Electric vehicles can now be charged faster than an iPhone—reducing what previously took four hours down to less than one hour.
This new fast-charging technology was developed by ABB, an energy engineering company, at N.C. State.
Ewan Pritchard, a professor from the Department of Electrical and Computer Engineering at N.C. State, demonstrated how the fast charger worked on a Nissan Leaf.
“When the charger was originally installed last year, it was the first one on the east coast,” Pritchard said. “What this does is it puts direct current straight into the batteries at 500 volts. So, by doing a very high current and high voltage, it allows the electrons to get in very quickly.”
The more conventional chargers are known as Type-2 chargers—these take about four hours to charge a vehicle.
In a Type-2 charger, the fast-charging station converts alternating current to direct current before the current reaches the car. The alternating current is then converted to direct current inside the battery, making the Type-2 chargers less efficient.
Despite being able to charge a car in less than an hour, the fast charger has some limitations. For example, the Chevy Volt cannot be charged with the fast-charger—the Type-2 charger must be used.
Additionally, the fast charger will be more expensive than the Type-2 charger.
The fast charger costs $30,000, whereas the Type-2 charger costs $2,000.
The Nissan Leaf that researchers put fast-charging technology in has a range of 88 miles before it runs out of energy, making it one of the longer range all-electric vehicles available today.
According to the EPA, passenger vehicles sold in 2012 had an average fuel economy of 23.8 miles per gallon. Driving 88 miles would cost about $13 if the gas price were $3.50 a gallon.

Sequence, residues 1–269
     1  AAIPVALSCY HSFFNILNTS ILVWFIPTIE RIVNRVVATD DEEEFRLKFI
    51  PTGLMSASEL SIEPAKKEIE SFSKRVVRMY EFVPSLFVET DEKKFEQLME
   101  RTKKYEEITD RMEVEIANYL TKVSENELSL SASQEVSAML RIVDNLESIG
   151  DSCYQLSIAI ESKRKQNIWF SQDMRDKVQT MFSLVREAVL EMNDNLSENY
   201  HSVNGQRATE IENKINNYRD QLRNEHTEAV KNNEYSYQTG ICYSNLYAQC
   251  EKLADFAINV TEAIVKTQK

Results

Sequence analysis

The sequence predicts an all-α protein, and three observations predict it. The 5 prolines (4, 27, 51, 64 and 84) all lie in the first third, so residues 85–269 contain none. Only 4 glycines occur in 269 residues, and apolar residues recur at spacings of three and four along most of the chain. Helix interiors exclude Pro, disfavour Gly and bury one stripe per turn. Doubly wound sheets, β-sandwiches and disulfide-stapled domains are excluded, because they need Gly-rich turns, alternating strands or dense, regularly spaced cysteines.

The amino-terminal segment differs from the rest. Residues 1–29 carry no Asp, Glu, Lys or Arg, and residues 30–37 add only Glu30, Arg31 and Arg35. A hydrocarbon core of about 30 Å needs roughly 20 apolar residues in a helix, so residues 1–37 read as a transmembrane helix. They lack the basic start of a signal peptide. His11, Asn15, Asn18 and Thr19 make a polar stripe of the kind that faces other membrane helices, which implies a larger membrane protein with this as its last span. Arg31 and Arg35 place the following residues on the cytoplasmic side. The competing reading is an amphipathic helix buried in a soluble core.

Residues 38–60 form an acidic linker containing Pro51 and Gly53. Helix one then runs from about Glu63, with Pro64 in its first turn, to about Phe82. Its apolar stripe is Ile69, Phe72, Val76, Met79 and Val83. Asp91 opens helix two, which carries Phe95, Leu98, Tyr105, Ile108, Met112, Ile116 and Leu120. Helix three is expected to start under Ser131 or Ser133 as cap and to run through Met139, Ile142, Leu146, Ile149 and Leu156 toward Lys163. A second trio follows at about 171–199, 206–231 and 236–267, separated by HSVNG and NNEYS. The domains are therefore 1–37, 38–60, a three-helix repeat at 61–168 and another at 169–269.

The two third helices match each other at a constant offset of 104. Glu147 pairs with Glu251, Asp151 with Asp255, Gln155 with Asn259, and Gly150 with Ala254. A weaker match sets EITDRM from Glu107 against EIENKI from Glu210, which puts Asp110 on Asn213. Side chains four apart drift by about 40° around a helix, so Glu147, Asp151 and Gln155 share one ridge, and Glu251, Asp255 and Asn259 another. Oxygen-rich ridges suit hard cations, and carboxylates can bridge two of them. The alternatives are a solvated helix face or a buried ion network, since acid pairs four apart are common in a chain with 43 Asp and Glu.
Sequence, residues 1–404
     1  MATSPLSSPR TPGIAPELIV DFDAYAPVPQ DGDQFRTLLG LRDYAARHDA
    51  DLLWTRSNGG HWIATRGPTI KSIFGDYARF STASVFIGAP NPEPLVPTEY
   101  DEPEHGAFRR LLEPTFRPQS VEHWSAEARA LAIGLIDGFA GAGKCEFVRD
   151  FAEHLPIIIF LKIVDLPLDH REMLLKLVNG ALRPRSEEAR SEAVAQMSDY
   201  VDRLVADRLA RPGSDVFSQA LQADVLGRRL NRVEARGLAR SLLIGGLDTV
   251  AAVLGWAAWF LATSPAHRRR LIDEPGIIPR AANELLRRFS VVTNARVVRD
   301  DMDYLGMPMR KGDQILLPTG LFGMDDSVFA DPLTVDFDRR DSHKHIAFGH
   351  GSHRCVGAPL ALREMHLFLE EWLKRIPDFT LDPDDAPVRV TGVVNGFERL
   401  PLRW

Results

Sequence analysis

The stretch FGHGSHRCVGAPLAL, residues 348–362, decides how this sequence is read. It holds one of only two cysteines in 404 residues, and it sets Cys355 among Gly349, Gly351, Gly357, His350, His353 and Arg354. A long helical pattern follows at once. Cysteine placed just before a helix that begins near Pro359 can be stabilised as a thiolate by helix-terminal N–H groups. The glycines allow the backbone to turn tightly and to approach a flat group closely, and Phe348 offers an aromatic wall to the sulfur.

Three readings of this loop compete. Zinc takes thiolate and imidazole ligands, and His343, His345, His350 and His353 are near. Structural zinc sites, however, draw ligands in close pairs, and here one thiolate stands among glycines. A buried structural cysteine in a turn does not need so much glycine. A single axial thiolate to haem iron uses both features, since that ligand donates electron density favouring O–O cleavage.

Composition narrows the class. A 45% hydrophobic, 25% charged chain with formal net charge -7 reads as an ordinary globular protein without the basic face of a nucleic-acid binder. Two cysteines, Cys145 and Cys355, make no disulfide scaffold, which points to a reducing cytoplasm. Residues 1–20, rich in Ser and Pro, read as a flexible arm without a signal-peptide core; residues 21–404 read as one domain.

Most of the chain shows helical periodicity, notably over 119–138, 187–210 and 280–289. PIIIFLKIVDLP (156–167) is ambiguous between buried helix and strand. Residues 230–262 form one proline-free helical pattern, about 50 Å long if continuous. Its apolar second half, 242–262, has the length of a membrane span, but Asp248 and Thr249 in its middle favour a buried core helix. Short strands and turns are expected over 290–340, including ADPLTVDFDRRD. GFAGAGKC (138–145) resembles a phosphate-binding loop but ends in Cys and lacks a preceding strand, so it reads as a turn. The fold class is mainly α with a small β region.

Comparatively, the same distance of 88 miles would cost $2.20 to power a Nissan Leaf.
While the new fast-charging station is quick, there are methods being developed that will speed up the process even further.
“It’s possible to speed up the charging time quite a bit more,” Pritchard said. “Rather than sending a current to the battery as a constant current, you can send it in as small rapid pulses. Using this method, we can get the charging time down to under 10 minutes.”
In addition to pulse-charging technology, further research is being conducted at N.C. State to expand the ways vehicles can be charged.
Later this year, Pritchard said he plans to take the electric car technology one more step by installing a wireless charging system on Centennial Campus at N.C. State.
“One thing that we are looking at doing is inductive power transfer,” Pritchard said. “That’s where you are able to charge the vehicle from underneath the road while you are driving. We intend to install some of that on Centennial campus. We are working on doing that later this semester.”
Notwithstanding the costs, ABB plans to install 201 fast-charging stations in the Netherlands.